Posted by Curt on 22 April, 2013 at 2:51 pm. 6 comments already!


Matt Philbin @ MRC:

Well that didn’t last long. In fact, it barely happened at all. After a month of ignoring the trial of Kermit Gosnell, the Philadelphia abortionist accused of murdering one woman and seven infants, it looked like the media had been shamed into covering the story.

Barely. Even after the most gruesome detail in a trial full of them came out – a baby who survived an abortion “swimming” in a toilet and “trying to get out” – the silence resumed. In fact, the only major news outlet that bothered to report on that testimony was The Chicago Tribune. mentioned it, it got no air time.

The Gosnell trial has returned to the obscurity the pro-abortion media hoped all along to preserve.

What coverage there was started on Thursday April 11 when The Washington Post discovered the story (though the Post mainly engaged in media navel-gazing over the lack of coverage, and allowed its executive editor to claim he’d never heard of the trial). CNN began covering it on Friday, April 12, and CBS gave it play on “This Morning” the following Monday. And on Wednesday, April 17, Savannah Guthrie included a question about the case in a long, wide-ranging interview with President Obama.

There endeth the coverage. ABC has never once mentioned Gosnell. CBS hasn’t followed up, and NBC has yet to do any reporting on the story. Yes, the Post is covering it, but in the most antiseptic of ways. On Sunday, April 21, it published a piece titled, “Problems at Pa. abortion clinic point to lack of facilities oversight.”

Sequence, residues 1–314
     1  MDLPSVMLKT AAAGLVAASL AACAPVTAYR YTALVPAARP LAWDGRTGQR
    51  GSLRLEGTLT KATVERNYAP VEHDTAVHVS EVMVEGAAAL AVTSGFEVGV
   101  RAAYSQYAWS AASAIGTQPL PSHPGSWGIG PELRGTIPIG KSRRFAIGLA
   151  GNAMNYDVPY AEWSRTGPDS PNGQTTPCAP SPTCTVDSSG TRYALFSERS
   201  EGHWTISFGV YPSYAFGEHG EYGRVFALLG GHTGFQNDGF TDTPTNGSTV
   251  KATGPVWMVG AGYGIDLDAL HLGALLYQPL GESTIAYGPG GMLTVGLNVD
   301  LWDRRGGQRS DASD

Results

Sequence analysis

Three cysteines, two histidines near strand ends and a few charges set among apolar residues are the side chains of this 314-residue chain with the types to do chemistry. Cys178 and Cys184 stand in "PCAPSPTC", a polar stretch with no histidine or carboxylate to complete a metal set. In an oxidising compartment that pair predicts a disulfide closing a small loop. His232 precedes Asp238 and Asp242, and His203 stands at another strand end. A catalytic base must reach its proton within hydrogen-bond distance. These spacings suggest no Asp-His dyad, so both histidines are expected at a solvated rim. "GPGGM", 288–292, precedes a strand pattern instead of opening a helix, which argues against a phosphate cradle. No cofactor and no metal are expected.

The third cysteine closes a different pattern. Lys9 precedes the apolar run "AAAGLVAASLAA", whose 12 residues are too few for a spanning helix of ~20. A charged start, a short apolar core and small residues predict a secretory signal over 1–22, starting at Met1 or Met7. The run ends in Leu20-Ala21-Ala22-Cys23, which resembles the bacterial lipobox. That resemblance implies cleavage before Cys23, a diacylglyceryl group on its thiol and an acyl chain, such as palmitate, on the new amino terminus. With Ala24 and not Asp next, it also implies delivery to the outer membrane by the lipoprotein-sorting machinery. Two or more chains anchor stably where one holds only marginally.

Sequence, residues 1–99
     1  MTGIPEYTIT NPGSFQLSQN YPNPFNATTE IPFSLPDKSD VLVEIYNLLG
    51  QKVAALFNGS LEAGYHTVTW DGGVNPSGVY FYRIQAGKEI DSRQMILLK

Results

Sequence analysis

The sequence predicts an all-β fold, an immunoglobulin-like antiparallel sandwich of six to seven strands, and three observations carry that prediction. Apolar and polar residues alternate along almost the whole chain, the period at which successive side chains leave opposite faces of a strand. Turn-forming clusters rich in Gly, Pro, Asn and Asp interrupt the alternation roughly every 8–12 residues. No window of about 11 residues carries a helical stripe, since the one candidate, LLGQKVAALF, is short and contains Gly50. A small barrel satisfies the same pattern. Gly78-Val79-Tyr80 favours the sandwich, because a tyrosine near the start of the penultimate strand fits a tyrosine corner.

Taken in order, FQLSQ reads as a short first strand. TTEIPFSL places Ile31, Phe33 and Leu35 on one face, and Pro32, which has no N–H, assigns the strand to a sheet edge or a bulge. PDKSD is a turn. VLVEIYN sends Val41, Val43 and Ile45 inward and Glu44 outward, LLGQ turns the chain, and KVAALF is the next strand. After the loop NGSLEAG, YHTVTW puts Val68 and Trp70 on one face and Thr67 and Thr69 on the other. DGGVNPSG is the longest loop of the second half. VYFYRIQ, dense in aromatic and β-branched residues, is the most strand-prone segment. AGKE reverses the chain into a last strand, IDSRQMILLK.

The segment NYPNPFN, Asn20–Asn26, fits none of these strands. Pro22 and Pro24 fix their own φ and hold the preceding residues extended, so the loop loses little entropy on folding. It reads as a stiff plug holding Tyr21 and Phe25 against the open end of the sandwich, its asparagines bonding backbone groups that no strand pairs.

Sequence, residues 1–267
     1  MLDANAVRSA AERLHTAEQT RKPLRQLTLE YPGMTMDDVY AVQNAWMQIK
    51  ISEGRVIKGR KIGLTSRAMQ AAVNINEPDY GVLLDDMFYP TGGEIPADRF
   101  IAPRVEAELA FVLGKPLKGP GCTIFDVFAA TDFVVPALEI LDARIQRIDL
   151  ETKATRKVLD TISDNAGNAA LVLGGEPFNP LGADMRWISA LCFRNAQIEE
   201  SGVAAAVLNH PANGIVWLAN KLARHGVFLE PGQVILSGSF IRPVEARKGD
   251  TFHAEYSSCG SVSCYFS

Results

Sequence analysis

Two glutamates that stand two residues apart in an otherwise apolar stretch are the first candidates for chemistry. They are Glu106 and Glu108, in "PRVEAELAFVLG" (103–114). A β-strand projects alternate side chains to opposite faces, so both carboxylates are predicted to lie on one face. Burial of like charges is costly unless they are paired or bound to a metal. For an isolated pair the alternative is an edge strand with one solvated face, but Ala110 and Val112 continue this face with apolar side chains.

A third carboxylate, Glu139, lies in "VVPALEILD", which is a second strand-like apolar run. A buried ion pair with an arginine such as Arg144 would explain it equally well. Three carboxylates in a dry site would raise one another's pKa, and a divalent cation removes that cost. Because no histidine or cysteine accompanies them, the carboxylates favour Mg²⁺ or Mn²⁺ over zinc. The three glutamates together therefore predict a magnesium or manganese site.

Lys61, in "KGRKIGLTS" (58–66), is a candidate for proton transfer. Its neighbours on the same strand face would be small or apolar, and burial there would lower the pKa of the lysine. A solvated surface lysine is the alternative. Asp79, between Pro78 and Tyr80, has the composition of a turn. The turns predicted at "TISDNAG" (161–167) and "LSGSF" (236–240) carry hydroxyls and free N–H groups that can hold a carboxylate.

The article stated that “The catalogue of horrors delineated by prosecutors has raised questions about whether there is adequate inspection and regulation of the 1,800 facilities nationwide that provide abortions.” It quoted no testimony from the trial but contained this howler: “The case has captivated and repulsed a nation where back-alley abortion clinics have become a rarity since 1973.” It’s hard to see how a story that’s gone unreported by all but a few reluctant outlets has captivated anyone.

And as CMI reported from the trial, only 12-15 reporters were covering the court case last week, and another report had The New York Times pulling its reporter shortly after assigning him to the trial.

Granted, the Boston Marathon bombing on Monday, April 15, took over the news cycle for the week, and it was followed by the explosion in Waco, Tex., and then the killing of one Boston suspect and the manhunt for another. Also, gun control legislation came up for a vote in the senate. The networks and the larger media rightfully gave those stories careful attention.

But certainly one of the three networks could find time for a trial update on a morning or evening news show sometime during the week? Not with all the other important news the nets were covering.

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